At the concrete level, Finland also exports environmental technology and services, such as energy-efficient and material-efficient solutions globally. Finland makes significant investments in innovations, for example, in the circular economy. Exporting these products and services globally benefits sustainable development also at the global level, but measuring it is challenging and requires further development. 

Other observations related to the indicator

The material flows of many products include so-called hidden flows. The hidden flows associated with imports consist of such direct and indirect material and energy inputs made abroad in the purchasing and manufacture of imports that are not visible in the weight of the raw materials and products. For example, land use and the greenhouse gas emissions created in the country the product is exported to can be included in hidden flows. The hidden flows of imports may be manifold compared with the direct inputs. The amount of hidden flows in tonnes does not, however, as such reveal how sustainably the product or raw material has been manufactured as the production conditions may vary a lot between countries and within countries, even between individual factories.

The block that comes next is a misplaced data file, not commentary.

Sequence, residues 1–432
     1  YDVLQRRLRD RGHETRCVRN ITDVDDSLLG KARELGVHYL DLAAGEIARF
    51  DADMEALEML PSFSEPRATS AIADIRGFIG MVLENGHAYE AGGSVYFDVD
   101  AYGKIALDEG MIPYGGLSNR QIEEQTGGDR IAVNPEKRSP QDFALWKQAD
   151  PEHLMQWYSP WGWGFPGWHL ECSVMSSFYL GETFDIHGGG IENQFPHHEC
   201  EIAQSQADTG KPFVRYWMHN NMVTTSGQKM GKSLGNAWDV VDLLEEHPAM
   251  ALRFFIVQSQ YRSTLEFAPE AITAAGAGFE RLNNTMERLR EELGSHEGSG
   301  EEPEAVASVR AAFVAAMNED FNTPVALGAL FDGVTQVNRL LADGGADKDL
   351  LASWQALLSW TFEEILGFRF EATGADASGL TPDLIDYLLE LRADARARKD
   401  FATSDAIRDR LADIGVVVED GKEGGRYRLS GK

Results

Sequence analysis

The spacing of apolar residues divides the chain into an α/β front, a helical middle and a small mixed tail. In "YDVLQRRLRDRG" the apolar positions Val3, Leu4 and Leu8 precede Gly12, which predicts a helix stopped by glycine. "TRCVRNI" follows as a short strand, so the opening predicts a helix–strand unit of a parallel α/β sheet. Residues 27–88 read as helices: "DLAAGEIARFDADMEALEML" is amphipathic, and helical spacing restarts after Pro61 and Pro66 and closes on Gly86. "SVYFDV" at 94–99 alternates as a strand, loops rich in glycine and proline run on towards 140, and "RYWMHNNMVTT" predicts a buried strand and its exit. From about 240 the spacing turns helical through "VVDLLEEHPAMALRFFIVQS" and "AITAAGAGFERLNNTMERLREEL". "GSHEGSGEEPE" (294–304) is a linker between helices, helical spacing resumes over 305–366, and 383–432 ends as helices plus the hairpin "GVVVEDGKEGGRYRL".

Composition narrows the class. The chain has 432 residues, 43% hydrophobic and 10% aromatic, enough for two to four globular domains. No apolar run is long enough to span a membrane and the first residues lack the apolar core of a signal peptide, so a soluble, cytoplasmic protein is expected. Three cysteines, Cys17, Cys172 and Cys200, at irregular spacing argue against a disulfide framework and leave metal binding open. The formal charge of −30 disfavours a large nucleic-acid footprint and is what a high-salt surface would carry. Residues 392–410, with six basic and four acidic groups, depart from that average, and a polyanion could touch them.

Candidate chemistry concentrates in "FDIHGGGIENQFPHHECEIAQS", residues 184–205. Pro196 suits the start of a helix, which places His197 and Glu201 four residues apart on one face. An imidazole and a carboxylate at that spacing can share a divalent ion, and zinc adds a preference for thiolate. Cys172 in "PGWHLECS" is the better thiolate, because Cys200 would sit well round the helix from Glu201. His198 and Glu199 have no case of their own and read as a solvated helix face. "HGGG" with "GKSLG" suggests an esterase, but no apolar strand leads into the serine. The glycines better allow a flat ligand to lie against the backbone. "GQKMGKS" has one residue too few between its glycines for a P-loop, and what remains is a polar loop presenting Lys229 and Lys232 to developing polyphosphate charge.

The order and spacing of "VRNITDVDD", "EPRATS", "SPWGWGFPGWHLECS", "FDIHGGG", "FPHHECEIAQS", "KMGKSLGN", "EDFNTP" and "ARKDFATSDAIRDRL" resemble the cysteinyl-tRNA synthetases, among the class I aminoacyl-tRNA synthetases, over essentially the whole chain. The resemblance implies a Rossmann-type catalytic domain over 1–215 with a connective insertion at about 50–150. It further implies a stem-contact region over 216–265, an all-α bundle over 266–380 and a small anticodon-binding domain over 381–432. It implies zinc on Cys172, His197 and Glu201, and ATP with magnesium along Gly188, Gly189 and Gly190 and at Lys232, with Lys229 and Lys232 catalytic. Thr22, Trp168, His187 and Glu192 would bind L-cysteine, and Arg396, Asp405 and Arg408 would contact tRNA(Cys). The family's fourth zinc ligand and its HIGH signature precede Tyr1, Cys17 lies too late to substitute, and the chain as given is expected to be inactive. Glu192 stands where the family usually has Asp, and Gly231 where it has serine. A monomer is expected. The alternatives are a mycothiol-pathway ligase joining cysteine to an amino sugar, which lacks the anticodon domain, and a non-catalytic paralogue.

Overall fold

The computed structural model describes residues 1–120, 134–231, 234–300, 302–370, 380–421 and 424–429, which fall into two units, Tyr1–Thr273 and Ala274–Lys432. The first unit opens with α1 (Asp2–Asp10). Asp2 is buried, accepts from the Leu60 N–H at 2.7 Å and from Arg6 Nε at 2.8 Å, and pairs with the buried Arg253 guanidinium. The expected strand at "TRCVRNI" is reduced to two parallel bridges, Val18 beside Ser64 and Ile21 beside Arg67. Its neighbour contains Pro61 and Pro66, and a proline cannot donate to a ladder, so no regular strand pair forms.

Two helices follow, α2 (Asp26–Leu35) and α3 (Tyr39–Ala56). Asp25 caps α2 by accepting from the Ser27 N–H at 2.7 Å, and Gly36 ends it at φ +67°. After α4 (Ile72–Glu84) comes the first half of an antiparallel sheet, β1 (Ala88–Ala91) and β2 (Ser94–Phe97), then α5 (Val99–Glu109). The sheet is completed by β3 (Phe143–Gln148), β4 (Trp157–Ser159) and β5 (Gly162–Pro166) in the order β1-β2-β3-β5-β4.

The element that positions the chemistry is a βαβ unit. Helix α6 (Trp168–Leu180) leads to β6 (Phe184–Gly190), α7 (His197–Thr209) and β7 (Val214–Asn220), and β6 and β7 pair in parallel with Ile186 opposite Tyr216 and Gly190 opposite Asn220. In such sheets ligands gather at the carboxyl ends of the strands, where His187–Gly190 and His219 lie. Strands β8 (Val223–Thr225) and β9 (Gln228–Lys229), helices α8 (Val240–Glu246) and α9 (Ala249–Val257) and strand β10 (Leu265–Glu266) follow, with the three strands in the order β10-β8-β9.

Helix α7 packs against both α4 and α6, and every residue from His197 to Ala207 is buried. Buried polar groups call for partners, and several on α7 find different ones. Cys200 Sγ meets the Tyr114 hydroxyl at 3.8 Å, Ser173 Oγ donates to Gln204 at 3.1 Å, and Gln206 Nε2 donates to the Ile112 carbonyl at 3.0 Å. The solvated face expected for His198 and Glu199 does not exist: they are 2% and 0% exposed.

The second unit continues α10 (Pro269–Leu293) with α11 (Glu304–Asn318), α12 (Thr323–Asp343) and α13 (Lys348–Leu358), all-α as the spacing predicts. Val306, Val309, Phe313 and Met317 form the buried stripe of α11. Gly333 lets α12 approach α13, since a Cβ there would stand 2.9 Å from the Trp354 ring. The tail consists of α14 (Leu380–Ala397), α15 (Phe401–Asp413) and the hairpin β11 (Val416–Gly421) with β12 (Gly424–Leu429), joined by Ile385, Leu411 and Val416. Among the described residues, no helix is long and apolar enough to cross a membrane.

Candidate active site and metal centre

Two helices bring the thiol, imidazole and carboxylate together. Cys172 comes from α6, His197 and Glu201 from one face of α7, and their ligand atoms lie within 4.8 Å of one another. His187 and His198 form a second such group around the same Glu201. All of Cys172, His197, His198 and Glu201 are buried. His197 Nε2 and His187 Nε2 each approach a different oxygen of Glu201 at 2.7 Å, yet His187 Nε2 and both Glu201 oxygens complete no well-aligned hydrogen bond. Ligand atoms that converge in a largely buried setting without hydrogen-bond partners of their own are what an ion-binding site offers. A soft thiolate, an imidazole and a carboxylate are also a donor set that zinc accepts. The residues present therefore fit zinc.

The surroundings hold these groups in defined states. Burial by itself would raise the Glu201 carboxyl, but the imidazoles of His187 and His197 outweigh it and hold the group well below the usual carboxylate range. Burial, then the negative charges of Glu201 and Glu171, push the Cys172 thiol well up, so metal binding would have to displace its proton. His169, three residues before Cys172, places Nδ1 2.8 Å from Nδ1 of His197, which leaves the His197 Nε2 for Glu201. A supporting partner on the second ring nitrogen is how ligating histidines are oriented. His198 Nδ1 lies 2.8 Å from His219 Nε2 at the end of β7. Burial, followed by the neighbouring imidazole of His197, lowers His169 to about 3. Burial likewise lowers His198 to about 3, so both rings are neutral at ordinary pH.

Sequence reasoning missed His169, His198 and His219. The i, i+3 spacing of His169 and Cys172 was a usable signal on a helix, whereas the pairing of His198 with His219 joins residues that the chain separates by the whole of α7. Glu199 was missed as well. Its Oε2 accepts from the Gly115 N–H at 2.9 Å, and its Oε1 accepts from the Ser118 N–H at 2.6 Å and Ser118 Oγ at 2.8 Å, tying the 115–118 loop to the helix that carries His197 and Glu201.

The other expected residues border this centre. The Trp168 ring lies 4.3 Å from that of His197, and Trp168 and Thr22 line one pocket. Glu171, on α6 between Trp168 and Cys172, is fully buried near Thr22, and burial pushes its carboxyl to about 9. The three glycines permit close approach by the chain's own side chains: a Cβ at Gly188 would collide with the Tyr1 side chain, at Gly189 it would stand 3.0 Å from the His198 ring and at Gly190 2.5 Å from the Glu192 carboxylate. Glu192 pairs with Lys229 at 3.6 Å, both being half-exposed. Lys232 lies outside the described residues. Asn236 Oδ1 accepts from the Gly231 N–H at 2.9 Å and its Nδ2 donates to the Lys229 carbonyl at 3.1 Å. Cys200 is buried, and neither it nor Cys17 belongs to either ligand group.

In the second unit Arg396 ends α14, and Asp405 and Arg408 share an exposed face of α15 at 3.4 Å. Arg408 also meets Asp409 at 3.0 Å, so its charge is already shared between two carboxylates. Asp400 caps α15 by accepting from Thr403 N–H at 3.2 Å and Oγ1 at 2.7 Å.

The target of 0.7 per cent of GNI for Finland's development cooperation appropriations is a far away – but it is what we aim at

Figure: Development of Finland’s development cooperation funding and support provided to the least developed countries (LDC) included in the development funding, and climate funding. (Source: Statistics Finland)

Finland has committed to the UN and EU-set goal of appropriating 0.7 per cent of its gross national income (GNI) to development assistance as well as directing 0.2 per cent to the least developed countries. The amount of official development assistance (ODA) is then compared with the country’s GNI.

Achieving the development funding targets requires, above all, commitment beyond electoral periods, which is yet to be seen. Finland has lagged behind the other Nordic countries in terms of development funding.

Figure: The bar graph shows the share of development assistance of the gross domestic product in the DAC countries in 2019.